About Me

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I am a writer, poet, and free-lance editor. Author of Lawmen of the Old West: The Good Guys and Lawmen of the Old West: The Bad Guys. I've had poems and stories in di*verse*city, Blood and Thunder, West View, The Enigmatist, and others. I love poetry but enjoy all forms of writing and editing. I'm the author of two books of poetry, Songs on the Prairie Wind dealing with the people, land and history of the rural Southwest and Voices of Christmas, the traditional Christmas story in free verse persona poems. I do contract editing of other writer's manuscripts. I'm the worst guitar player in the Common Folk band at Trinity Episcopal Church. I'm an imperfect husband to the perfect wife (she might read this sometime), father (great grown kids) and grandfather (they're great kids, too)

Thursday, June 24, 2010

Review of Black Dog and the Road

This will be a first. Not my first review but the first here and I hope the first of many. We should establish some ground rules. Understand that I wouldn't bother talking about a book that I thought had no value. If I thought it was trash, I wouldn't mention it at all. Now, if you should ask me to review your book and it never shows up, does that mean I thought it was worthless? No, not at all. There are a lot of reasons, it could have been scheduling, it might be because I don't feel qualified to speak to your sort of writing, maybe the writing was good but the subjects you wrote about weren't compelling to me. It could be that I didn't like it, too, but you will never know.

Now on to book number one. Because of the rules for reviewing on the internet (and I object only to the fact that print reviewers don't have the same requirements) I need to tell you that I know the publisher of The Black Dog and the Road. I consider that person a friend. In spite of that, I had to pay for my copy of the book and no other consideration was received.

Harry Calhoun's book, with the picture of the title's "Black Dog" on the front cover and a picture of some road on the back is a delight to read. The poems are well crafted free verse with attention to the concrete details of life. They lean much on that black dog but also deal with such diverse elements as the mirror the poet, "...just installed.." in the bathroom for his wife which leads to solitary thoughts of loss reflected in it and the green towels and the waiting spouse who, not understanding, still is patient with his need for solitude at a time of grief.

There are poems, (don't all poets write them?) about poetry. One, called, After sampling poetry magazines from an online listing (Calhoun's capitalization, or lack thereof) has a tone that reminds me somewhat of Billy Collins' poem Introduction to Poetry which comes from his frustration with graduate students trained to tear poems apart for meaning instead of enjoying them for what they are. In Calhoun's poem it's his frustration and rejection of what he reads on line and the reinforcement of his sense of what he is doing. They both hold on to a gentle sense of humor through their irritation.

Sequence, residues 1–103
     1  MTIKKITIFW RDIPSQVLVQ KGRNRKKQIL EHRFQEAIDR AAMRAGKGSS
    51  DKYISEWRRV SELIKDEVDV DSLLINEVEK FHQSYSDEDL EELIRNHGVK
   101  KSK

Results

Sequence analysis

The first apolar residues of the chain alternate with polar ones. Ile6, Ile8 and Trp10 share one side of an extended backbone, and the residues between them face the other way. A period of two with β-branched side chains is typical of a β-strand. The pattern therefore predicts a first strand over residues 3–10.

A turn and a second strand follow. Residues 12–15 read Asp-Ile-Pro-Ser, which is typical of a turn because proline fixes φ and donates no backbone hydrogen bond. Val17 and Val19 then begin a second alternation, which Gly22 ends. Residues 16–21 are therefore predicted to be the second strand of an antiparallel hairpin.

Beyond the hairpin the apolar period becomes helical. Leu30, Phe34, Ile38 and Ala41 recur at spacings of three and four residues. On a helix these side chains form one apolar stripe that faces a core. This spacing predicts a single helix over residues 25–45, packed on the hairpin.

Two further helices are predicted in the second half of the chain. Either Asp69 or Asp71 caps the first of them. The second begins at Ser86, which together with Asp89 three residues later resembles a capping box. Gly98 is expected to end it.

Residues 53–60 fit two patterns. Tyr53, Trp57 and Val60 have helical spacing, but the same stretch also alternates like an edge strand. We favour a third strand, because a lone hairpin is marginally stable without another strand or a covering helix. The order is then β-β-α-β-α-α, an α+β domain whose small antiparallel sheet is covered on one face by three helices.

A number of the poems in this book deal with the dying and death of the poet's father. There is little of the maudlin here, however, and much of the detail strikes me at times and places in my own thoughts, some helpful and some places I would rather not go. As in this from the poem called, Closing:

The closing on my father's house
is the nail in his coffin
but there is so much open...

There is so much to like in this book as well. There are a few things that I admire less. Calhoun has a habit of ending his poems with a single, separated line. If I counted right, in 42 out of 66 poems, the last line is separated from the last stanza. They are often short lines, occasionally only one word. Once in a while it worked for emphasis but not often. Occasionally it was tacked on to a poem that I felt was complete already as if to say, "Just in case you missed the point." Mostly, it just felt like an unnecessary separation and gave the sort of "bump" one feels when a poet seems to have missed the line break that was needed. A very minor complaint is the practice of only capitalizing the first word of the title. It bothered me in the reading but I found it really distracting when trying to write about them. This, of course, has nothing to do with the value of the poems but, there you go.

I particularly enjoyed the book ends of this work. The final poem, The tao of dogwalking is ostensibly about walking that "Black Dog" but is really more concerned with understanding how to move into the future with acceptance and comfort. The initial poem helps the reader understand the intent and effort of the author.

(poem used by permission of Diminuendo Press)

The craft, practised

you dream every day that you will nail it
like Christ to the cross
like the seam between legend and truth
sewn so that the seam is suddenly seamless

dream that you make it all make sense
and name it for the nonsense it is
and somewhere someone in a distant white tower
will strike a flint and light

a tiny sputtering fire
against an endless morning
mist and drizzle

and squinting
at the flame

will care

Harry Calhoun makes us care with The Black Dog and the Road.

The book is available from Diminuendo Press.

You can visit Calhoun's online Journal, Pig in a Poke 

When you buy it, email them and tell them I sent you, maybe I'll get on the list for those free review copies.